What I mean to say is, even though life is getting more expensive everywhere, you can still live like a king in Luxor while partaking healthily in the local economy. It is a pity that most tourists are stuck in touring cars that leave their motors running all day to keep the AC blasting, sleep in designated hotels, eat at designated restaurants and buy their souvenirs in designated shops. The most expensive thing about Luxor is getting there, as there are no direct flights, but once you’re there, you can go where your fancy takes you – up in a hot air balloon, down into the splendid tomb of Seti I, sailing on the Nile or simply watching the bustle in the square in front of Luxor Temple from Aboudi Coffee Break with a glass of thick strawberry juice. As it was Christmas holidays, I saw plenty of tourists with children, which is perfectly possible if they’re not too young. The Nile Valley Hotel on the West Bank where we usually stay is family-friendly, with a small pool, children’s menus, large rooms and easy access to all the monuments. The Dutch-Egyptian owners have a very lively bunch of children themselves. Good news: the lift has finally arrived in the new wing, and it’s a shiny affair.
Gorgeous, isn’t it?
This time, instead of blundering through as many temples and tombs as possible, we took the time to walk around the West Bank, through the villages and countryside. I’ve seen some lovely property for rent by the Nile, as well as some gorgeous dahabiya’s. We walked along banana fields, canals and people going about their business. Children kept asking for what I first misheard as either ‘money’ or ‘pony’ (because, why not), but fortunately they meant ‘bonboni’. It is always good to have extra sweets at hand to create some goodwill.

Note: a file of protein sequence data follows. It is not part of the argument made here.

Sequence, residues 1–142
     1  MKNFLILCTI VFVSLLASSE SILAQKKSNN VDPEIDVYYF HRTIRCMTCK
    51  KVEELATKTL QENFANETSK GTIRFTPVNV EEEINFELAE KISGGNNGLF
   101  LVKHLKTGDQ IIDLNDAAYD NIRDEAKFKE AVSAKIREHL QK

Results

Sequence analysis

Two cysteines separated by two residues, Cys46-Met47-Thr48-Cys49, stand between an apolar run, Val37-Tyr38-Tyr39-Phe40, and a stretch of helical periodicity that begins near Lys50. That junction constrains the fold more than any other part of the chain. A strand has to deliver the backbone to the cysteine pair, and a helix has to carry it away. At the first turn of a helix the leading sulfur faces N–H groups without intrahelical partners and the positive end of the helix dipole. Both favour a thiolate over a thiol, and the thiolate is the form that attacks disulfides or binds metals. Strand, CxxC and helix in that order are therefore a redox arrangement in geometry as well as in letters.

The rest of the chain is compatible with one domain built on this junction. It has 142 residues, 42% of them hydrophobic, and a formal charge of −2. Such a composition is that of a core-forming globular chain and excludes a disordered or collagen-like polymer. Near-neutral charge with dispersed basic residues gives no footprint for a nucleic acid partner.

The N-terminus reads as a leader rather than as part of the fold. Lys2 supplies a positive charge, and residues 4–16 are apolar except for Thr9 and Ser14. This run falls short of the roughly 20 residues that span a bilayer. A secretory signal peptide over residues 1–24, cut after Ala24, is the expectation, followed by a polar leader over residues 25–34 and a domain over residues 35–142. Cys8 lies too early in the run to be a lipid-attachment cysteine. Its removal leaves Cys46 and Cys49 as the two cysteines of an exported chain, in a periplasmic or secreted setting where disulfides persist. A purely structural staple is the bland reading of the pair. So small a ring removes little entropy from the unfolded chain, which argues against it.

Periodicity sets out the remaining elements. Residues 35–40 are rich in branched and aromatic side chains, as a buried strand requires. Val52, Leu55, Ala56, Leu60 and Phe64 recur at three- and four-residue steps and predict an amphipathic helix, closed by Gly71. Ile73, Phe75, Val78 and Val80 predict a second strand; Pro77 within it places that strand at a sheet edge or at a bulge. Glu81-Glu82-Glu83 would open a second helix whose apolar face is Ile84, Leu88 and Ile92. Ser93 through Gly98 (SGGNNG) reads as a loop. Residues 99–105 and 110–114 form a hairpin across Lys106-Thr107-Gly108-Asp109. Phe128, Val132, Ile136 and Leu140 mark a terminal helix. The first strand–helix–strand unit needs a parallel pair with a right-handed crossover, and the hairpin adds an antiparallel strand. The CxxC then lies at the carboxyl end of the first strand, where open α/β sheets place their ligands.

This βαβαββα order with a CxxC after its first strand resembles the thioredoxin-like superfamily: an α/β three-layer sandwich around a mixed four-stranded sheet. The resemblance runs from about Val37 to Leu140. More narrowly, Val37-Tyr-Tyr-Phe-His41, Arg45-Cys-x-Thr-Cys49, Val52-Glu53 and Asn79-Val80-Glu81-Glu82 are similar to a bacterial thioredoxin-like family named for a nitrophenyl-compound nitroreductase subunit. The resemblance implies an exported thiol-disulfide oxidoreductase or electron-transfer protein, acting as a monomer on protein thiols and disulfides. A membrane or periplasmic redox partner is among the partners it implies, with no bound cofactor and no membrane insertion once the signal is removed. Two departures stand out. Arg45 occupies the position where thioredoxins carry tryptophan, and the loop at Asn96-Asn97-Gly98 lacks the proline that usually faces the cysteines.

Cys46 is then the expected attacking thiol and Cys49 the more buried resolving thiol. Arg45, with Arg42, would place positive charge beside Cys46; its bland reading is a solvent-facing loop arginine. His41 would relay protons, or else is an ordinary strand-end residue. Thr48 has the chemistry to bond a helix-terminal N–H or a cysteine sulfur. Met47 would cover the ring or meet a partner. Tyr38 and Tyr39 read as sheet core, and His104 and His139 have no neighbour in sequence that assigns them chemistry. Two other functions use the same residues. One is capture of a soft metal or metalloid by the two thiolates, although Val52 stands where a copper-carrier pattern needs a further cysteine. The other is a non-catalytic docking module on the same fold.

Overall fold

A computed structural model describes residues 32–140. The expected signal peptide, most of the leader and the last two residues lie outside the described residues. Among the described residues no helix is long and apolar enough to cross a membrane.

Who knew how bananas grew? (I’m a city girl).
An anecdote from the ticket office: Window 1 opens, friendly man says good morning, how are you, where are you from, etc. I ask for tickets and photo tickets. I get the tickets but photo tickets should be acquired from window 2. Second man bangs stick out of window 2 to indicate where I should go. Repeat polite conversation at window 2. The next day the man behind window 1 seems delighted to see me again and the whole business repeats itself. Except now we are friends and he requests bonboni. ‘Bukra’ (tomorrow) says my travel companion cleverly, but of course, the next day we arrive at the same window and we have to deliver. I offer a roll of grape sugar, trying to explain that it gives energy and he shouldn’t eat the lot at once. He doesn’t really seem to grasp the English word ‘energy’ and I’m afraid that by the time we return, he will have plastered and painted the entire ticket office and composed a new national anthem.